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Recovering backpacker, Cornwallite at heart, political enthusiast, catalyst, writer, husband, father, community volunteer, unabashedly proud Canadian. Every hyperlink connects to something related directly or thematically to that which is highlighted.

Monday 13 January 2014

A Million Points of False Advertizing

Picture a well-lighted boardroom somewhere in downtown Toronto.  Around the table and with a few voices chiming in through conference call are Tim Hudak and his senior planning staff.  A gruff voices lays out the facts:

"This is your last shot at this, Tim.  Do you want to be remembered as the guy who lost to both McGuinty and Wynne or do you actually want to be Premier?"

"Okay," Hudak says with empty authority.  "Go through it one more time."

"We all know that jobs are the ticket.  That and cutting government.  We are not going back to picking on immigrants or prisoners, so we gotta throw something positive into the mix.  It's gotta be big, it's gotta be bold.  

"So we go with The Million Jobs Act.  What's not to like about that?  Cut government, cut taxes, trade deals or whatever - but a million jobs.  It gives people something to believe in.  You will be the man to bring a million jobs to Ontario."

Heads nod around the table.  One junior staffer clears their throat, dares to raise their voice.

"Um... should we really be promising to deliver a million jobs?  I mean, unless we go out and sign up eight years worth of written commitments from actual employers, isn't that a magic number we have no way to guarantee?  It's about setting expectations, right?"

Said staffer is never invited to such a meeting again.

How can a man who believes government should be out of the employment business promise a million jobs?  The truth is, he can't.  The only way to guarantee those jobs would be to guarantee a million hires himself - as we know, he's not going to do that.

Nor does he have written guarantees from employers to back up his promise.  In fact, he has nothing to back up his promise except for spin and ideology.  Hudak is now to job creation what Stephen Harper became on transparency.

But look at it from where he's sitting - does it really matter?  Hudak's only does have one last kick at the can, and he might as well go big.  If he wins, well, ideally he's got four years to put promises behind him.  It worked for McGuinty with the "I won't lower your taxes but I won't raise them either" bit, right?  Eight years is a long time.  People will have moved on before two have elapsed, but he'll still be Premier.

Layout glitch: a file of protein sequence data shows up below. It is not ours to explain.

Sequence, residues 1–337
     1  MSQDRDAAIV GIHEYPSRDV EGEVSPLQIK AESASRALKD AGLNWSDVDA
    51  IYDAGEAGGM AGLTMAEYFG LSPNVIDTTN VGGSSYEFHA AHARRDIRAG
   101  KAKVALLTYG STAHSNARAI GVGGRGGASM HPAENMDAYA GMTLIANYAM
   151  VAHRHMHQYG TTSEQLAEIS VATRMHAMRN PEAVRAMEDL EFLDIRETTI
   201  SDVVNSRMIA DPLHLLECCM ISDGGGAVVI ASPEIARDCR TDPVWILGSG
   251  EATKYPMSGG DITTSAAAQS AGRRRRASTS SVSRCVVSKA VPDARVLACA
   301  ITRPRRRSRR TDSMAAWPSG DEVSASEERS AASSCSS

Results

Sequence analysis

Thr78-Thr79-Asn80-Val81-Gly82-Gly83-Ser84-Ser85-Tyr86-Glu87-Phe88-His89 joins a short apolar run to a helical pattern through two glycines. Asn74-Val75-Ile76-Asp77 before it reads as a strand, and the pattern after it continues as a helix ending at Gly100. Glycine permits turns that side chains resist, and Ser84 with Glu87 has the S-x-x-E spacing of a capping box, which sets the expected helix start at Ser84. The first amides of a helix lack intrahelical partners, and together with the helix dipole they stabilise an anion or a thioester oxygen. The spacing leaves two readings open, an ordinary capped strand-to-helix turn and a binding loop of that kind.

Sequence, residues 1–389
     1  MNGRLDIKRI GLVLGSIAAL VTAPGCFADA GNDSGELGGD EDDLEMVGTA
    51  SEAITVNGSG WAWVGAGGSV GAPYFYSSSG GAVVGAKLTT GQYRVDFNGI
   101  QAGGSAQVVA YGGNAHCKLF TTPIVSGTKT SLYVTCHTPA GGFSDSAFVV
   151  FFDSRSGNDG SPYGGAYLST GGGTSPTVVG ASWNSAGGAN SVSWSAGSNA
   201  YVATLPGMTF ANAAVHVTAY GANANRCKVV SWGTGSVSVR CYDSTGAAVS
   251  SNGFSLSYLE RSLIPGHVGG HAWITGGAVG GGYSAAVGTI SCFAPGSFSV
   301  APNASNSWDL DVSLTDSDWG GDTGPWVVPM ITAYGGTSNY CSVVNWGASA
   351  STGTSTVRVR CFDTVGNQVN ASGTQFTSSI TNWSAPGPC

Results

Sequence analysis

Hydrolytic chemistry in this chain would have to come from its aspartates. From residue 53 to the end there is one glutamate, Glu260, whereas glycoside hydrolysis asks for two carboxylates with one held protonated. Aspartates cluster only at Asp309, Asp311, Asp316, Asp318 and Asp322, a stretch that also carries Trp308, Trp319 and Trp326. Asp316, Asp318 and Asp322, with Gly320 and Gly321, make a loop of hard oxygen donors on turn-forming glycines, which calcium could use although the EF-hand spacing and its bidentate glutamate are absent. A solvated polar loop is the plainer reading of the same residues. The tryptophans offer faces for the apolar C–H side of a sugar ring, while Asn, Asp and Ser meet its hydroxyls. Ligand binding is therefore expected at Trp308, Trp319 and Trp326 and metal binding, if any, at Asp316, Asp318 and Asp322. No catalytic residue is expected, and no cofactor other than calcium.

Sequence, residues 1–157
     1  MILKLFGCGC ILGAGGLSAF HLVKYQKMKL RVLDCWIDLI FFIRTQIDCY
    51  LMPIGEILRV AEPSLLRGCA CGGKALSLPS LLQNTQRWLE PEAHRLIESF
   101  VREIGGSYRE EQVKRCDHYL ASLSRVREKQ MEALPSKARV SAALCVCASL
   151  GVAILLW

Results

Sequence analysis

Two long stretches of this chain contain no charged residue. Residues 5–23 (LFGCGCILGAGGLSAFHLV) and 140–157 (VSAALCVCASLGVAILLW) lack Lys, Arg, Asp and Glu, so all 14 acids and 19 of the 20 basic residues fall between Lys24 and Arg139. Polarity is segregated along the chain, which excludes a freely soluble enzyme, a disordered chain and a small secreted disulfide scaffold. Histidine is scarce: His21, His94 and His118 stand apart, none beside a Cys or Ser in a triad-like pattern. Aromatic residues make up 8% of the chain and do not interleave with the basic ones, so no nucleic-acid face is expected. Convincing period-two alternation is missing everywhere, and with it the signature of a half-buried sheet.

This is where Hudak's planners have made their fatal miscalculation.  They're used to looking at people from a sales perspective; voters are consumers and it's all about shaping the product they think they can buy.  Agency is a tagline, nothing more.

Too few political people understand just how disillusioned, desperate and frightened the people have become.  Parents carry the burden of knowing the world they leave their children is one of diminished opportunity.  Youth are failing to see the value in anything that isn't about selling themselves and scoring individual wins.

The Tea Party, Occupy and Idle No More are no passing things; they're symptoms of a societal malaise that is only worsened by crass retail politics.  Everyday folk are past the point of believing in leaders with clever, alliterative turns of phrase; they want substance.  That, or retribution.  Increasingly, nothing in the middle will suffice.

It would be a different story of Hudak explained the exact math behind his Million Jobs number and provided clear metrics along the way.  Were Hudak to promise in writing and over his grandmother's grave to resign if he should fail, people might give him some leeway, but he won't do that.

After all, politicians don't have to worry about being accountable - that's the opposition's job.  Right?

It's time our politicians and their planners wise up to the fact that it's no longer a matter of puffing up their partisan brands and slinging mud on their opponents'; it's the system itself that people no longer believe in.

Kicking the bums out of office is one thing, but when it's the office itself people want to turf, we have a problem. 

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